It’s a simple math problem: If the average American family produces eight to 10 loads of laundry each week, and each one takes about 90 minutes to complete, how many hours are spinning away in the laundry room?
If you came up with 12 to 15 hours, you’d be correct, according to the Association of Home Appliance Manufacturers.
Yes, keeping up with the laundry can seem like a never-ending cycle in many households, but there are ways to make the job more efficient and orderly.
Airing dirty laundry
With so much time spent doing the task, it’s no wonder modern laundry rooms are morphing into control centers where everything is within arm’s reach.
But that doesn’t mean you need to show off this back-of-the-house operation. It’s better to rely on your organization skills, an artistic eye and a ruthless aim to contain the clothes piles.
Most laundry rooms need a place to store the products we depend on for keeping things clean, including detergents and spray bottles. Cabinets and shelves are a wise choice because they use the vertical space above and around the appliances. Cabinets also give the room a cleaner look.
“Cabinets give you a place to store items that may not look good to be exposed,” said interior designer Amanda Patton Swaringen, of Carolina Design Associates in Charlotte, N.C.
Fabric curtains also can be used to conceal the less glamorous aspects of a laundry operation. And curtains bring in color and a soft touch that complements the hard surfaces on cabinets.
At a home in Charlotte, Swaringen fashioned a heavy drapery not only to conceal the pipes under the sink, but also to hide laundry that’s waiting to be tossed into the wash.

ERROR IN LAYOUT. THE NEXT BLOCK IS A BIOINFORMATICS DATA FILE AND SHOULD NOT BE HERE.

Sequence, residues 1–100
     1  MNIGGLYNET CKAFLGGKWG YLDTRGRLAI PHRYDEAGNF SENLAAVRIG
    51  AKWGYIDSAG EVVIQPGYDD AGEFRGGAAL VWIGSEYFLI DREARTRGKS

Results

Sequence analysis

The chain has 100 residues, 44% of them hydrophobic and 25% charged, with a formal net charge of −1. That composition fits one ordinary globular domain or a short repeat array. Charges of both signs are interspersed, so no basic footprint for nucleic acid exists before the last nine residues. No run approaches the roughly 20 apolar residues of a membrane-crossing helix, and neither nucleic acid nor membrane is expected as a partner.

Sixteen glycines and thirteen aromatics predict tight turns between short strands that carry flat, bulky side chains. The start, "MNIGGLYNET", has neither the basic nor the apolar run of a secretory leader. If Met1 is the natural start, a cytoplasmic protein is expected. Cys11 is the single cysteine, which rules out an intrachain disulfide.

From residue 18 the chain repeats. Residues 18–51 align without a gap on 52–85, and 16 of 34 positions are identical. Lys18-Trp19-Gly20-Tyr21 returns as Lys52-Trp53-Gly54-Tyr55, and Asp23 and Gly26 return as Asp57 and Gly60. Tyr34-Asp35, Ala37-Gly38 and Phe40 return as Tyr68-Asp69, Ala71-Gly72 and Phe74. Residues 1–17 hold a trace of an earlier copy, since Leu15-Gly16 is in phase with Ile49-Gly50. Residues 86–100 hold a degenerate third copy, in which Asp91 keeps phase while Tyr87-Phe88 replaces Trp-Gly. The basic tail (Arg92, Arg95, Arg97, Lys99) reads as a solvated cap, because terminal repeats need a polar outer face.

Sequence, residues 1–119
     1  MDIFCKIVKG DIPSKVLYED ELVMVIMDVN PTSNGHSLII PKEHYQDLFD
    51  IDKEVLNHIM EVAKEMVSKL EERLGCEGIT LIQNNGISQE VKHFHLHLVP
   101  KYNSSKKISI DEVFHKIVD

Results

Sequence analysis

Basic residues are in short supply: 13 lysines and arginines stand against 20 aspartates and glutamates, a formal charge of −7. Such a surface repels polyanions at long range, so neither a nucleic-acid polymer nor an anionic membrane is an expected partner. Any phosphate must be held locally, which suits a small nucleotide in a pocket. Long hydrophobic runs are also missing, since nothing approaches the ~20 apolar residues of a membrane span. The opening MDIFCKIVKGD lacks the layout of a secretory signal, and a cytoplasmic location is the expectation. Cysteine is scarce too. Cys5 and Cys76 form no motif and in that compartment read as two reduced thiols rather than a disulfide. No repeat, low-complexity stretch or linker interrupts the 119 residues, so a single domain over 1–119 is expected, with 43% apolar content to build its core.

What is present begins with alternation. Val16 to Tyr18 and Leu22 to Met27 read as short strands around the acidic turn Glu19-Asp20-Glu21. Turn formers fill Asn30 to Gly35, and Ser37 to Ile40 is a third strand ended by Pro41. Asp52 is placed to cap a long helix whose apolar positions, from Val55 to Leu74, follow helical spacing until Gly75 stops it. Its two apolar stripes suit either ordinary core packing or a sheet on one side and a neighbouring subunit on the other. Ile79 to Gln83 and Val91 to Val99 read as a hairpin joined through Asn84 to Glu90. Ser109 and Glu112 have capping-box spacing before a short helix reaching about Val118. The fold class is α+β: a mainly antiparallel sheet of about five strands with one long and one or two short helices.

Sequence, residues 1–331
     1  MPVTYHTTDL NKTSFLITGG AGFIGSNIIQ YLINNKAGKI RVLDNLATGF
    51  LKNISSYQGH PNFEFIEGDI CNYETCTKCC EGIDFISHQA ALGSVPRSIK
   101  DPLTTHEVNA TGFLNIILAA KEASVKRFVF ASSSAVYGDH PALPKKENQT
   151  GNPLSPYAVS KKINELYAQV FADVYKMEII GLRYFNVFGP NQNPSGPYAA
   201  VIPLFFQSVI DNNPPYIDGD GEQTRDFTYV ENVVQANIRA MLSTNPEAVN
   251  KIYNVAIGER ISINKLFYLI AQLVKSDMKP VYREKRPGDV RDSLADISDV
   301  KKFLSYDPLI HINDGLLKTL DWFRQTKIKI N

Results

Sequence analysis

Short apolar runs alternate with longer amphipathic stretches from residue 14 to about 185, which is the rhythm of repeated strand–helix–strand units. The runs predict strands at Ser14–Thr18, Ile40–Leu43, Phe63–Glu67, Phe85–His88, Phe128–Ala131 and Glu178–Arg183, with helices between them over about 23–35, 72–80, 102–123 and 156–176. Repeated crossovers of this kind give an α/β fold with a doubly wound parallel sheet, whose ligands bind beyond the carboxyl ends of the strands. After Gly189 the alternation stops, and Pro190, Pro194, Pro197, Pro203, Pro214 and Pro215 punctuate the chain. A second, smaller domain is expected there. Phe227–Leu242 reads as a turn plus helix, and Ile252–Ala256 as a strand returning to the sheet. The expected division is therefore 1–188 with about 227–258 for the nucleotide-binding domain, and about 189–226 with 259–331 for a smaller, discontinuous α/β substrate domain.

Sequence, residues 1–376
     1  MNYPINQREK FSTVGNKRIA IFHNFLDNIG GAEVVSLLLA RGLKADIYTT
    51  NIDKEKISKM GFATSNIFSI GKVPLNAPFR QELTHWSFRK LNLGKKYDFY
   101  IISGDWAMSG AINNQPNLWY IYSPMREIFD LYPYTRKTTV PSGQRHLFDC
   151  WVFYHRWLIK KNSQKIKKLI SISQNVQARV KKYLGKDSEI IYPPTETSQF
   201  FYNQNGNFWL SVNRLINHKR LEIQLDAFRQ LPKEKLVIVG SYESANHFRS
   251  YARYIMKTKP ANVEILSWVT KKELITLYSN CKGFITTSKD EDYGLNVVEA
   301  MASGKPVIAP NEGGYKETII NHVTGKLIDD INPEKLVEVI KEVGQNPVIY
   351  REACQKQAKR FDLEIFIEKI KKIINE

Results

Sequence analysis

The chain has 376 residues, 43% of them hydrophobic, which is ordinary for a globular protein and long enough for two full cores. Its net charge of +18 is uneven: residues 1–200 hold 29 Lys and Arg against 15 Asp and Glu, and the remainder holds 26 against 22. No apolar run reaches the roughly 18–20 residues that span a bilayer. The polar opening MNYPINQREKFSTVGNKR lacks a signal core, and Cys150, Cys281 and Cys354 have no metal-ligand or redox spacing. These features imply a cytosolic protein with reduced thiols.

“There’s room for two big baskets under there,” Swaringen said. “The drapery actually slides one direction or the other direction, so it’s all one big piece.”
Sort like a boss
When it comes to laundry, you don’t need to do it all alone. Delegate. Give every family member his or her own laundry bag and instructions to deliver the contents to the laundry room. Brass grommets on the back of Pottery Barn’s Canvas Hanging Hamper ($69) allow you to hang the bags to save space.
Most any basket will do, but you can also find rolling carts that are made for hauling textiles. Restoration Hardware’s canvas laundry carts ($129-$229) with steel and rubber frames are manufactured in America.
Clever space markers
In many homes, the space between the washer and dryer is considered the crevice of lost socks. There are more practical uses for what can amount to precious inches of storage space, especially in smaller living quarters. Pull-out shelves can give you access to that space. Fashion your own setup, or choose a ready-made device such as the Venture Horizon Laundry Caddy ($50) at Wayfair.com. It gives you a place to stash laundry detergents, fabric softeners and other items.
It’s smart to have a place nearby to hang those freshly ironed clothes and no-iron items as they come out of the dryer. Even better if you can accomplish that while economizing on space. The InstaHanger ($45) might look lightweight at first glance because of the built-in photo frames for pictures of your kids, pets or favorite vacation memories. Actually, it holds up to 50 pounds, including wet swimsuits or winter coats.
Fold and press
An ironing board is a must for most families. Swaringen suggests a compact version that folds into the wall. “We do a lot of fold-down ironing boards,” she said. “You can run electrical to them, so you can plug everything in that wall.”
The Style Selections Wall-Mount Hideaway Ironing Board ($160) at Lowes has an interior shelf for storing your iron and starch above the swiveling ironing board. The door on the recessed unit can be mounted on the left or the right. Close the cabinet door to keep up the room’s tidy look.
Want an ironing board that pulls double duty? The Wood Wicker Ironing Board Center with Baskets ($100) at Hayneedle.com is a full-size ironing board that folds down on both ends for storage. Use its middle section to fold clothes. Three fabric-matching baskets can catch all the odds and ends you need to keep handy.
PUT IT WHERE?
Here’s where most new-home buyers would prefer to have their laundry rooms, according to the National Association of Home Builders:
37 percent prefer them near the bedrooms.
20 percent like a laundry room close to the kitchen.
17 percent would rather wash and dry in the basement.
12 percent would keep their laundry machines in the garage.